Anti-Corruption Policy – G Karlsson Spedition AB


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Anti-Corruption Policy – G Karlsson Spedition AB


G Karlsson Spedition AB, in what follows referred to as “the Company” is committed to conducting
its business honestly and transparently, at all times in accordance with applicable legislation and in line with the highest standards of business ethics.

This policy prescribes a zero tolerance approach to corruption (in what follows referred to as acts of bribery) for all Company employees and third party representatives and intermediaries acting on behalf of the Company.

This policy

- defines acts of bribery
- stipulates a set of general anti-corruption rules for the Company to follow
- describes how to identify risks of bribery and how to minimize such risks, in particular:

1. how to assess and monitor third party arrangements
2. how to evaluate what is acceptable in terms of gifts, entertainment and hospitality and how to    record such transactions
3. how the company views so called facilitation payments
4. giving/taking of bribes by Company employees
- describes precautions to take in order to prevent acts of bribery
- outlines how a Company employee should act if confronted with corrupt behavior
- outlines how the Company shall act if acts of bribery are reported or observed

1. Definition of (acts of) bribery

Bribery can broadly be defined as the offering, promising, giving, accepting or soliciting of an advantage as an inducement for an action which is illegal or a breach of trust.

What is a bribe?

Bribes can take on many different shapes and forms, but typically they involve corrupt intent.
A bribe could be:
- the direct or indirect promise, offering, or authorization, of anything of value;
- the offer or receipt of any loan, fee, reward, or other advantage;
- the giving of aid, donations or voting designed to exert improper influence.


Who can be engaged in bribery?

The bribery can be committed by:
- an employee of the Company;
- any person acting on behalf of the Company (e.g. third party representatives);
- any individual participating in giving/receiving bribes by organizing bribery/assisting in the commissioning of bribery/encouraging perpetration of bribery.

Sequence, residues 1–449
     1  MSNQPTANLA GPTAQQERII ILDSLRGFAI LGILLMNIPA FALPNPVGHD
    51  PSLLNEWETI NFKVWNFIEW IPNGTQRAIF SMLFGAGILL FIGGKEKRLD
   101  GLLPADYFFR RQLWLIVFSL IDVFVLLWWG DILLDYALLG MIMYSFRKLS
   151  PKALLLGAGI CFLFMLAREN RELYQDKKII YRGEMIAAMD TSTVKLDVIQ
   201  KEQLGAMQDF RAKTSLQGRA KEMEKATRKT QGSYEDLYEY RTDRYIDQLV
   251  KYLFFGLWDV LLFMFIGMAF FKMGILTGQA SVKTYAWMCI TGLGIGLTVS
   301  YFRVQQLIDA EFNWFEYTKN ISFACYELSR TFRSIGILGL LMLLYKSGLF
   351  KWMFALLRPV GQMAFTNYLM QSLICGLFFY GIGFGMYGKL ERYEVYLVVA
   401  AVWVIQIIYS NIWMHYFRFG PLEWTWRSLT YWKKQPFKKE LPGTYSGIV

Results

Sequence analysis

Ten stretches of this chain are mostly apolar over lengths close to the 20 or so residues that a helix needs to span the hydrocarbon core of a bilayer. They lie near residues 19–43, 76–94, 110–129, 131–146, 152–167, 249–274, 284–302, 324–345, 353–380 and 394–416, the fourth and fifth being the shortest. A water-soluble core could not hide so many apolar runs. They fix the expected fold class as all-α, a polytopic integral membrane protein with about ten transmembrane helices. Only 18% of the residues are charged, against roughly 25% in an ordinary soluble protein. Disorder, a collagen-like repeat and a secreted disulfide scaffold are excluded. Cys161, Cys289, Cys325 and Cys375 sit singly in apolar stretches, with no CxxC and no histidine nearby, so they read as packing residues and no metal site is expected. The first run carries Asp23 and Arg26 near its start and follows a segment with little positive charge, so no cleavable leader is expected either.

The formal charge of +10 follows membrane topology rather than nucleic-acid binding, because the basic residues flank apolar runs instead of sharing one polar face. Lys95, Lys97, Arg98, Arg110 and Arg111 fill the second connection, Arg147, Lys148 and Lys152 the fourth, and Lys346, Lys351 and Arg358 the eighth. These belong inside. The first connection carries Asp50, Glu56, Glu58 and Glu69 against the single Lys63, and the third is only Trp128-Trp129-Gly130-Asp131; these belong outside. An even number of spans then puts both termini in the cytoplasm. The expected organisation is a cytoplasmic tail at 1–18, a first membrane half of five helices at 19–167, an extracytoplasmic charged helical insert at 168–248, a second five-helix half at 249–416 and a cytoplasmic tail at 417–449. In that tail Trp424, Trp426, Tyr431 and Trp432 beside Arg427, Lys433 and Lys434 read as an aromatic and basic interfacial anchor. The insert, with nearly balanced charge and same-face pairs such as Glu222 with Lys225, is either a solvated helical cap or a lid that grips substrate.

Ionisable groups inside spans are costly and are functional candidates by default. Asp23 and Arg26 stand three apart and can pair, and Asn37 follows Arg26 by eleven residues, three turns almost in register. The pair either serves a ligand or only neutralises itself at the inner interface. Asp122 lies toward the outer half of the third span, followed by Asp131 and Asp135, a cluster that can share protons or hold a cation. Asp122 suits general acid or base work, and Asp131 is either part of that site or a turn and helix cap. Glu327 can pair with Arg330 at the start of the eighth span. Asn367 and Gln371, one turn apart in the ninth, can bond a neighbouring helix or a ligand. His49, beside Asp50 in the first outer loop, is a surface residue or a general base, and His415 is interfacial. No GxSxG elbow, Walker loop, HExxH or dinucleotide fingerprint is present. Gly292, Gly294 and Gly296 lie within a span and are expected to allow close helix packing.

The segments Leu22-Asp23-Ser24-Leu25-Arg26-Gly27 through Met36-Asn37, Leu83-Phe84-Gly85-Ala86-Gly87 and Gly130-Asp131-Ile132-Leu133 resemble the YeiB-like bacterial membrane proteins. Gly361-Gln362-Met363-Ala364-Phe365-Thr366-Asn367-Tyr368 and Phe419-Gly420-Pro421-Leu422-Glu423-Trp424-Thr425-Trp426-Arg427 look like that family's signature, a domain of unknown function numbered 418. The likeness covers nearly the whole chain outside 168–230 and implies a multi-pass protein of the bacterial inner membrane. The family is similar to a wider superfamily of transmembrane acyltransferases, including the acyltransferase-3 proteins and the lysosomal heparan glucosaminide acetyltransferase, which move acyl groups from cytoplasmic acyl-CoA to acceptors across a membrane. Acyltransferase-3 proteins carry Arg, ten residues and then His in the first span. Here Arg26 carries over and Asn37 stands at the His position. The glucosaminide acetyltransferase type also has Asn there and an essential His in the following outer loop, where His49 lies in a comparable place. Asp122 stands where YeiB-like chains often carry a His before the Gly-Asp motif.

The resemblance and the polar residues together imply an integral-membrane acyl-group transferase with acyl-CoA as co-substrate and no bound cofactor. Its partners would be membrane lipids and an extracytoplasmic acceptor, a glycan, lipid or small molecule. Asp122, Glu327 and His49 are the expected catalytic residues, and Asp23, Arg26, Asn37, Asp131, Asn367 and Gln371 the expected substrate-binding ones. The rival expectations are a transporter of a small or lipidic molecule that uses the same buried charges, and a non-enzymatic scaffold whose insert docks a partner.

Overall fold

Who gives bribes? Who can be bribed?

There are three general bribery offences:
- The offence of bribing a person (usually in a management position) in commercial or other organizations;
- The offence of being bribed (usually concerning a person with functions of management: general Manager, Purchasing Director, Purchasing Manager etc.);
- The offence of bribing a public officer (state or municipal, national or foreign).

 2. General Anti-Corruption Rules for the Company to Follow

In order to avoid contact with corruption, the Company shall abide by the following set of general rules:

- Not allow the participation of public officers (state public officers or of the territorial subjects or municipal public officers) in the activities of the Company on a paid basis.
- Not engage in business activities with public officers (state public officers or of the territorial subjects or municipal public officers) or with their trustees.
- Not lend money (loans, credits) or give money without compensation, render services or provide works without compensation, pay entertainments; amusements; rest, holidays, vacations, travel or transport costs, business related expenses (which could be regarded as a bribe) to public officers (state public officers or of the territorial subjects or municipal public officers) or to persons in commercial and other organizations.
- Charitable contributions and sponsorships shall not be used to circumvent the bribery prohibition. Therefore charitable contributions and sponsorships require prior approval of managing director.
- Not offer or give political contributions. The prohibition does not apply to political contributions by employees in their own names using their personal funds in conformity with applicable laws.